Disciplinary Core Ideas

This resource appears to be designed to build towards this disciplinary core idea, though the resource developer has not explicitly stated so.

Comments about Including the Disciplinary Core Idea
Maps of ancient (Paleozoic) land and water patterns are given as data in this activity. Students make observations and interpret the data by creating simulated rock formations and looking at patterns they can observe. In order to more fully meet the disciplinary core idea, more connections to these rock formations must be made to fossil distribution and to plate movement over time.

Crosscutting Concepts

This resource is explicitly designed to build towards this crosscutting concept.

Comments about Including the Crosscutting Concept
Students look for patterns in the sediments and the way they are deposited in relation to the location; stream, beach, shelf etc. A prediction will be made by interpreting these patterns to determine sea level changes. Students will look at patterns in Paleozoic sediment maps and draw sea-level curves.

Resource Quality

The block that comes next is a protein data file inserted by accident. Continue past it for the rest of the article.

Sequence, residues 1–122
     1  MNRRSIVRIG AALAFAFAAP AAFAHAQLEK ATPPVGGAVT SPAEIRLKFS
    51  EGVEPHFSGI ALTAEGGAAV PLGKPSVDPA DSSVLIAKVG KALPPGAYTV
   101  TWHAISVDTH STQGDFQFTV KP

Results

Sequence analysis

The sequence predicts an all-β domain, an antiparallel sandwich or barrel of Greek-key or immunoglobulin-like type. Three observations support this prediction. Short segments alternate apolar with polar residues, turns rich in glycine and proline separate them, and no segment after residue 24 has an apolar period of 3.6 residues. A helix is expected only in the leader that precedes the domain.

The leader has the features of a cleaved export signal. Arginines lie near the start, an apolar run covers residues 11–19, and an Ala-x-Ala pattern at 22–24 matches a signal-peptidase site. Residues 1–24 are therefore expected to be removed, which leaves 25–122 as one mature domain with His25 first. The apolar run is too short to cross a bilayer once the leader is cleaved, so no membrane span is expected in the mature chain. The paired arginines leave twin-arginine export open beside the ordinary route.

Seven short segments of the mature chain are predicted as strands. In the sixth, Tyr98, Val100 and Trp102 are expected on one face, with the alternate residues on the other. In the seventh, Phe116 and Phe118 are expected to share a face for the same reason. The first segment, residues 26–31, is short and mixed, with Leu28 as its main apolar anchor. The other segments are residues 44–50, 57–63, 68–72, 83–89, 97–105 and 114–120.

• Alignment to the Dimensions of the NGSS: This lesson contains elements of three- dimensional learning. Students will create a model and analyze and interpret the diagram/maps they are given and ”recreate” the scenario with other materials, such as beads The phenomena addressed here is, how sequences of sedimentary rocks tell us about how sea level has changed. Students will analyze and interpret data based on the history of the formations. Students will see patterns in the deposition of sediment throughout this activity. The distribution of rock and seafloor structures is addressed, but a more complex correlation between the distribution of these Paleozoic sediment maps and continental movement must be addressed by using index fossils as shown in a stratigraphic column and highlighting the fossils found at each layer can also represent the age of the layers. A world map can be included with continental outlines and showing an age progression (past to present). This activity focuses on the Paleozoic Era, and other samples can be included with more recent eras corresponding to locations on a continental map, this would address the relationships of the rock strata to the age of the surrounding continents.